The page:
Also, dogs can’t physically sign contracts, so they’ll never be able to get married anyway.
Common Argument #5: Children raised by a mother and a father are more emotionally well-adjusted than those raised by same-sex parents.
Your Response: Zero data supports this assertion, and studies from around the world have all supported the opposite conclusion. Here’s what a 2013 Australian study comparing gay and straight families concluded:
On measures of general health and family cohesion, children aged 5-17 years with same-sex attracted parents showed a significantly better score when compared to Australian children from all backgrounds and family contexts. For all other health measures, there were no statistically significant differences.
Here’s an American study from the same year that focused on adopted children:
An estimated 16,000 same-sex couples are raising more than 22,000 adopted children in the U.S., and these findings indicate that these children will likely fare no differently, as a result of their family type, than those being raised by heterosexual parents.
And here’s the American Academy of Pediatrics, which analyzed over three decades of data on child development in same-sex families:
Extensive data available from more than 30 years of research reveal that children raised by gay and lesbian parents have demonstrated resilience with regard to social, psychological, and sexual health despite economic and legal disparities and social stigma. Many studies have demonstrated that children's well-being is affected much more by their relationships with their parents, their parents' sense of competence and security, and the presence of social and economic support for the family than by the gender or the sexual orientation of their parents.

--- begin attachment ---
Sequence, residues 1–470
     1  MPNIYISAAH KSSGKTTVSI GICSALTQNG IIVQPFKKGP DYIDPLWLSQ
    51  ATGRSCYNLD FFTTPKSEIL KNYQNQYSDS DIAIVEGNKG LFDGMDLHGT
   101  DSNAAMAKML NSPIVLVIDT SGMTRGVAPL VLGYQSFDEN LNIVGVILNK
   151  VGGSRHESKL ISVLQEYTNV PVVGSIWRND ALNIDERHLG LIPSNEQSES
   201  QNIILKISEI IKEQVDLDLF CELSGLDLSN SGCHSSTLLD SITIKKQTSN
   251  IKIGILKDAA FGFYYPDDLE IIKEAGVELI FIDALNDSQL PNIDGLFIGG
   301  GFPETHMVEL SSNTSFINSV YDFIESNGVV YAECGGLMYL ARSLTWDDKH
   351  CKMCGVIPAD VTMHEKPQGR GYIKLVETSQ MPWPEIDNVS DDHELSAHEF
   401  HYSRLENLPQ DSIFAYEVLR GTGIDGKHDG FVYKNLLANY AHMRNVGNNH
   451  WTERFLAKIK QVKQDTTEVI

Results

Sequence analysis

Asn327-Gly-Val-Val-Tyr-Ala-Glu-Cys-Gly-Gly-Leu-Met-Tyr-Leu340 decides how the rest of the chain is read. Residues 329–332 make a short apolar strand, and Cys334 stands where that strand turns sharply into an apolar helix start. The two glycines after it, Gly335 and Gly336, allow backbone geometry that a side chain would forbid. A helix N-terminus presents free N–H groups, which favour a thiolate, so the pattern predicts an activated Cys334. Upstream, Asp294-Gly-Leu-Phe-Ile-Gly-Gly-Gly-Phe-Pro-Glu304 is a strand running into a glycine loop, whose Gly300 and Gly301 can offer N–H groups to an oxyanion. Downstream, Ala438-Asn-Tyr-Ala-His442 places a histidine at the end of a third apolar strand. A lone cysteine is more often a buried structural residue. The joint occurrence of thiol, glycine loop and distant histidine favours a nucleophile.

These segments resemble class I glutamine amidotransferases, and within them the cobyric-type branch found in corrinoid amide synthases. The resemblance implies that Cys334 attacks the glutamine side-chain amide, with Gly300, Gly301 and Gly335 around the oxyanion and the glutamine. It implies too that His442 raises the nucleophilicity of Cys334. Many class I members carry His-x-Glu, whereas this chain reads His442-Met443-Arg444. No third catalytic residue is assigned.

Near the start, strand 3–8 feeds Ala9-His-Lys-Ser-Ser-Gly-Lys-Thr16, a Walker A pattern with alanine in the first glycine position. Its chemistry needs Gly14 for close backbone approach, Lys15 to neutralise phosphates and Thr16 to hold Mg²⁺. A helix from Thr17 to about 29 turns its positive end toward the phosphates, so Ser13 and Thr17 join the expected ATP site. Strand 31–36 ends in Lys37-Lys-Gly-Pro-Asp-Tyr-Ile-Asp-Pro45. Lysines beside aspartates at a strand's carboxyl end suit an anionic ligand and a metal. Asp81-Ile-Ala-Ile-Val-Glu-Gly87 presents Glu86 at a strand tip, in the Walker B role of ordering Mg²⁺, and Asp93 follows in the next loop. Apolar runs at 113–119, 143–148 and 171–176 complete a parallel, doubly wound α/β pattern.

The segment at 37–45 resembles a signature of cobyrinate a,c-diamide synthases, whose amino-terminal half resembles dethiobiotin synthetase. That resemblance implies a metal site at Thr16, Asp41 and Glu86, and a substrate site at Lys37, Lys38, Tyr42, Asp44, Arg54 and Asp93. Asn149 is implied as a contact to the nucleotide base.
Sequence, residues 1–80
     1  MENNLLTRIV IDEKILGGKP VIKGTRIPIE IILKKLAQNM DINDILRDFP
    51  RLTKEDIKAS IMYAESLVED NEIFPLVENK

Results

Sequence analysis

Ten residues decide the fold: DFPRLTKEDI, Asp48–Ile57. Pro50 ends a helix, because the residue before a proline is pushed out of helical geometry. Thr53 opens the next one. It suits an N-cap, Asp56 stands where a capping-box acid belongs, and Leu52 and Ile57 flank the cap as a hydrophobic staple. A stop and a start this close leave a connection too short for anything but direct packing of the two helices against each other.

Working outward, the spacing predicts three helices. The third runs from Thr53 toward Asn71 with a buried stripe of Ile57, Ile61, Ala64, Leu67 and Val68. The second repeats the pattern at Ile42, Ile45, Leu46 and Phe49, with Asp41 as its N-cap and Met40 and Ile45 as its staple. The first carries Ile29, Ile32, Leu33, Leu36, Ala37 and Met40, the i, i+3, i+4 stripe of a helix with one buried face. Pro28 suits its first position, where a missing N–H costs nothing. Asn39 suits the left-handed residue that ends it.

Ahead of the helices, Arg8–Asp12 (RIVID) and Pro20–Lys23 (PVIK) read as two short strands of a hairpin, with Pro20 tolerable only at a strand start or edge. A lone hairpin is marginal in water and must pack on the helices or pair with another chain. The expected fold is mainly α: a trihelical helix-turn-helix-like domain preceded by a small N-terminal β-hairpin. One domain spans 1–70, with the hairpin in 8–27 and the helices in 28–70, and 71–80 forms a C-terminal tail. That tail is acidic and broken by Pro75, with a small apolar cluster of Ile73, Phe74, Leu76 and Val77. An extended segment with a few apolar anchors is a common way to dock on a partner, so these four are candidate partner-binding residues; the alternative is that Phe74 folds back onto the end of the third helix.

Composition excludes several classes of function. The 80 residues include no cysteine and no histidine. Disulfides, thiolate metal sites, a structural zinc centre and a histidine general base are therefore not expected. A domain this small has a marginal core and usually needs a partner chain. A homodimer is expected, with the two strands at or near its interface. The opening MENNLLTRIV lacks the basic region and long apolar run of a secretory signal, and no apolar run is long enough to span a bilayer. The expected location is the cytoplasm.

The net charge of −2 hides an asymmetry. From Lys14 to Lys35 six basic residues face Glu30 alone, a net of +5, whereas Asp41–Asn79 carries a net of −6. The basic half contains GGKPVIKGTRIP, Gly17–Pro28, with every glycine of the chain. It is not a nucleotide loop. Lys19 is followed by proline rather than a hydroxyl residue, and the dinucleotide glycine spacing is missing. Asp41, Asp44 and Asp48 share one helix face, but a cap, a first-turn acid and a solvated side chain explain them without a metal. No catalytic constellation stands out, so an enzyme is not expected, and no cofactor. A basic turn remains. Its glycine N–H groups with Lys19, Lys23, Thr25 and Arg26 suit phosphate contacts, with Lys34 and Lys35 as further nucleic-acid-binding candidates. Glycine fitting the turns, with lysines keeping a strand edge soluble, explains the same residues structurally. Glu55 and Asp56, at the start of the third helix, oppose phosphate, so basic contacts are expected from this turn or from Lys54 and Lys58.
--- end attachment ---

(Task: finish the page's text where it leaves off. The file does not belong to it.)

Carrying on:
In short, there’s no evidence to support the claim that children with same-sex parents are worse of — and, once again, “I have an intuitive feeling that they probably are worse off” doesn’t count as evidence.
Common Argument #6: If same-sex marriage is legal, religious institutions that oppose gay marriage will be unfairly forced to marry gay couples.
Your Response: Legalizing gay marriage won’t have any bearing on what churches, or other religious institutions, can or can’t do. The Supreme Court has long upheld the right of tax-exempt religious organizations to fire, hire, discriminate or not discriminate based on gender and sexual orientation. While same-sex couples in Denmark do have the legal right to get married in churches, there’s zero precedent for U.S. courts ruling the same way.
Common Argument #7: Civil unions are just as good as gay marriages.
Your Response: “Separate but equal” was the argument used in favor of racial segregation in schools. Ever since the landmark Brown v. Board of Education ruling in 1954, the Supreme Court has consistently found separate-but-equal laws to be unconstitutional.
- Heterosexual couples are allowed to get married regardless of whether they can, or want to, have children.
- There were a lot of atrocious practices that were longstanding human traditions before we outlawed them.
- Legalizing gay marriages won’t have any effect on religious institutions or the legal status of bestiality. There’s no legal precedent to suggest that it will.
- Numerous studies from around the world show that same-sex couples raise more emotionally well-adjusted children than their straight counterparts.